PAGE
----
Under Pressure, Xenon Difluoride Gets Itself A Semi-Charged Kind Of (Battery) Life
Through the science and wonder of slowly crushing things into smaller things, scientists at Washington State University have created a tiny battery that is second only to the big, dangerous Kahuna of nuclear power when it comes to the storage of mechanical energy.
Tired of never having AA's around when he really needed them, chemistry professor Choong-Shik Yoo decided it was time to get his science hat on and start inventing. He started with the basic premise essential to all pressure-related experiments - crushing stuff yields results.
If this "stuff" is a car or hastily imbibed Red Bull before a long and imposing chemistry exam, the result of a pressure experiment is merely a crushed husk and the memory of a slightly entertaining event. If however, one starts crushing compounds instead of "stuff", some cool-ass things start to happen.
Take Xenon Difluoride (XeF2). Normally, good old XeF2 likes to chill out in white powder form, just waiting for someone to come along and use it to etch silicon conductors. Sure, the work isn't glamorous, but it pays the bills.
Yoo saw something more. Just hanging around the lab at normal atmospheric pressure, the molecules in XeF2 are fairly far apart - football field-ish distance out here in the real world - so there's actually a great deal of room for compression.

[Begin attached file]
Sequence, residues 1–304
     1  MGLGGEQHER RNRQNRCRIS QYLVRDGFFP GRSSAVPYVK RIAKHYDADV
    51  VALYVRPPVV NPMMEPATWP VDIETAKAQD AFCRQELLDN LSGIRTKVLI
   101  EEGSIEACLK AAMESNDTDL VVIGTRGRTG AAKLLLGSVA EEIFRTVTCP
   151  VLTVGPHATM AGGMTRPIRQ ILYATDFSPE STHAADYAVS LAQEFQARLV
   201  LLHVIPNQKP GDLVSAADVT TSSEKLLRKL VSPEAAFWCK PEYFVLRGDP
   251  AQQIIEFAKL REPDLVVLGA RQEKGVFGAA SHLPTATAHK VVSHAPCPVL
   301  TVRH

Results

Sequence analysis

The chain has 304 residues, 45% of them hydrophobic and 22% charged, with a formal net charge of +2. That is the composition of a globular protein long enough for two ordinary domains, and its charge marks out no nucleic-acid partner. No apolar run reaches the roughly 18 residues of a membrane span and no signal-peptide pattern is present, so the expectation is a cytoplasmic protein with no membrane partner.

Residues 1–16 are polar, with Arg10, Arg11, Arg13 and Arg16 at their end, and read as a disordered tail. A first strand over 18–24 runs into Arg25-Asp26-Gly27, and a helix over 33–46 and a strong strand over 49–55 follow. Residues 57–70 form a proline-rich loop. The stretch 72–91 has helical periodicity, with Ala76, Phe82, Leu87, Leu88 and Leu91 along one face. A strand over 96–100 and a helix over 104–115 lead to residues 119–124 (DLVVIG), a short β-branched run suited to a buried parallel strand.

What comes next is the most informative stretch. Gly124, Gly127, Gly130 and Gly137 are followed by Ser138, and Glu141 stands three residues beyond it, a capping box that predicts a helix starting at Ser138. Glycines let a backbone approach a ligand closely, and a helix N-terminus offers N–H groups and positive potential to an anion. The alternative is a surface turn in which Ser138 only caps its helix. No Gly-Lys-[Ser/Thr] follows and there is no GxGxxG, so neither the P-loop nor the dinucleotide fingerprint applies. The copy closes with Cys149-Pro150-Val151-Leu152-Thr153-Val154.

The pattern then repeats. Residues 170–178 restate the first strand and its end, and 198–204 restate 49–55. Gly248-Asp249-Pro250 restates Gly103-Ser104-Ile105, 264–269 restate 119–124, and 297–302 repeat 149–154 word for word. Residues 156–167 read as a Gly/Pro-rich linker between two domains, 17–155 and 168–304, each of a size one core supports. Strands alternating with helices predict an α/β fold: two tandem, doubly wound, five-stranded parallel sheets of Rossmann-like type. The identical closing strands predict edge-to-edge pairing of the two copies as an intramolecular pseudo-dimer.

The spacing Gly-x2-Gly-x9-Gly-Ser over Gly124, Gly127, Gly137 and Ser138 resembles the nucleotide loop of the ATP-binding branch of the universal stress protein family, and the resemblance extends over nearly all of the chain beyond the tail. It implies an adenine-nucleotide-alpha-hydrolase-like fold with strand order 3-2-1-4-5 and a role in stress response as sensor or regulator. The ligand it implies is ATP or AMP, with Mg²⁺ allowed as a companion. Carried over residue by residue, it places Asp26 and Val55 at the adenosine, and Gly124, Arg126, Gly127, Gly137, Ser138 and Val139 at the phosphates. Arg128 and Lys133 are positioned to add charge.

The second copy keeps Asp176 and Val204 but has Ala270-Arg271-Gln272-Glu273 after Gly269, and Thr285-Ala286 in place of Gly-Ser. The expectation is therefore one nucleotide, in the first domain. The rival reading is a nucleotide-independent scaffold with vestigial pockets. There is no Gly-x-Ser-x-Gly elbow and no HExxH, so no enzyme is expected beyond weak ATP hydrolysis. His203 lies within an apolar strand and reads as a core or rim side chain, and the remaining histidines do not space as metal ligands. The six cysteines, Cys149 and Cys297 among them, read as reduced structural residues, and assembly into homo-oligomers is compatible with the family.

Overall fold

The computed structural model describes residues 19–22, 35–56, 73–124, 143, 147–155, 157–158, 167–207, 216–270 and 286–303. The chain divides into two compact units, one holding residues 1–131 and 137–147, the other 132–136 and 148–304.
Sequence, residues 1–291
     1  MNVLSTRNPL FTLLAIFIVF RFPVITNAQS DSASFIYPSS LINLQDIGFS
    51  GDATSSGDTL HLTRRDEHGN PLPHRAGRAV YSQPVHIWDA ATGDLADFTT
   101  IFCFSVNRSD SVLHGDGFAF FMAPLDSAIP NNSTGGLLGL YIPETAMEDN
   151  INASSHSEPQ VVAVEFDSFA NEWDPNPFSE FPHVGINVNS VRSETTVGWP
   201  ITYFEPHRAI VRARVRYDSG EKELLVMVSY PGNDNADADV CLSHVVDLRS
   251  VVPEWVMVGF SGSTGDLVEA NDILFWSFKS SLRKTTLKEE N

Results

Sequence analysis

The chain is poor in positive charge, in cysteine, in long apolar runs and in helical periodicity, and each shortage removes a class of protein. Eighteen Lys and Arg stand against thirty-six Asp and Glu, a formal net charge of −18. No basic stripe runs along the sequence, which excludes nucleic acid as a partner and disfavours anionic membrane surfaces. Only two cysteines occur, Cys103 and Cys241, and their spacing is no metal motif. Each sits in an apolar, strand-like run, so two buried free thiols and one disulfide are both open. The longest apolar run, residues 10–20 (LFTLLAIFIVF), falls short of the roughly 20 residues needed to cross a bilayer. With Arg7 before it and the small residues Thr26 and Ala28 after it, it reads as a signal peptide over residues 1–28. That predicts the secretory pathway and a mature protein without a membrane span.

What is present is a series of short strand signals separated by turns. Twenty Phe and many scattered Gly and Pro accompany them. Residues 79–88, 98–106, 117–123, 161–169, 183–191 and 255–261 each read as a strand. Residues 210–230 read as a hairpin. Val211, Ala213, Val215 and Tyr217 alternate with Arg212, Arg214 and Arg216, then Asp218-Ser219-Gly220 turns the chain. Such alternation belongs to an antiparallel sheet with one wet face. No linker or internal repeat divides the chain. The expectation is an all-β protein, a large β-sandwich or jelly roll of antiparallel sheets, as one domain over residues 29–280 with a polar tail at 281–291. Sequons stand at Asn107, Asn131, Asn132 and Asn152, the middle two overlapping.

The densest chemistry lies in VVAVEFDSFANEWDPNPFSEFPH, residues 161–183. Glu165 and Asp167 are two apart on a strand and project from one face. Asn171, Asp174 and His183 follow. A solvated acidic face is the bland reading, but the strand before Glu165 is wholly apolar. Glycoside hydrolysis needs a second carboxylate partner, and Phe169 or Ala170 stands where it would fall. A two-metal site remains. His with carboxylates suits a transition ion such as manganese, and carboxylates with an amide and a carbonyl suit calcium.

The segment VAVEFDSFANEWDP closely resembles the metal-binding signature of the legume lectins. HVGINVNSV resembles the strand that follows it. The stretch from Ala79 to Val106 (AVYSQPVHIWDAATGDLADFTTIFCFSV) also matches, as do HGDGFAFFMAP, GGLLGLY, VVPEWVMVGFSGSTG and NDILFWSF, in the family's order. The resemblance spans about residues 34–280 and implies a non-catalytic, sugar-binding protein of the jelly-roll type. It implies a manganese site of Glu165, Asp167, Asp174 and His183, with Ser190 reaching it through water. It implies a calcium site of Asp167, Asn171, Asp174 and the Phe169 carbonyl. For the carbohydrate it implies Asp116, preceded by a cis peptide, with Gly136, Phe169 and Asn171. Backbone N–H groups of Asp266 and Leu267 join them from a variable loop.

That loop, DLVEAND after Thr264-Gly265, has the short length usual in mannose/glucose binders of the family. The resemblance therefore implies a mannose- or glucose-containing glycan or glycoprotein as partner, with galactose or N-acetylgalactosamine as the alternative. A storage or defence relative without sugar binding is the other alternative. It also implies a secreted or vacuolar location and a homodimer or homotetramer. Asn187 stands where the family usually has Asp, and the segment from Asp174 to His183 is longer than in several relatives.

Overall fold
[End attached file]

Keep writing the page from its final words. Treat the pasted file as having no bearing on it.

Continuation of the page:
Fortunately, Yoo had a very nice set of compressing tools at his disposal - two diamond anvil cells, which are 2"x3" devices used to put materials under a stunning amount of pressure.
We're not talking an atmosphere or two here, or even somewhere in the low 1000s. We're talking about a pressure approximately equally to the one found halfway to the center of the earth.
How much pressure is that, you ask? Oh, only about 1,000,000 atmospheres. You know, no big deal.
Under a moderate amount of pressure, the molecules in the XeF2 actually compress to an almost two dimensional structure, closely resembling that of a graphite semiconductor. Once the pressure reaches the insane target levels, the molecules in the compound form tiny, metallic network structures that are able to store all of the mechanical energy used to compress them in their chemical bonds.
This is super cool.
We do have two questions, however.
First - did the lab blow up when the anvil's pressure was released and the compound was once again unleashed to roam around under normal atmospheric pressure? Since no mention of this was made in the University's press release, we'll concede that this catastrophe was likely averted. This time.
Secondly - will these come in a rechargeable version?
Ooh, also - will there be a four-pack? Two seems like enough, but it never really is. You know how it goes.
Alright, alright. We know the team has a great deal of work still to do before a commercial application is viable. We'll stop with the battery of questions.
Yikes. Long way to go for that one.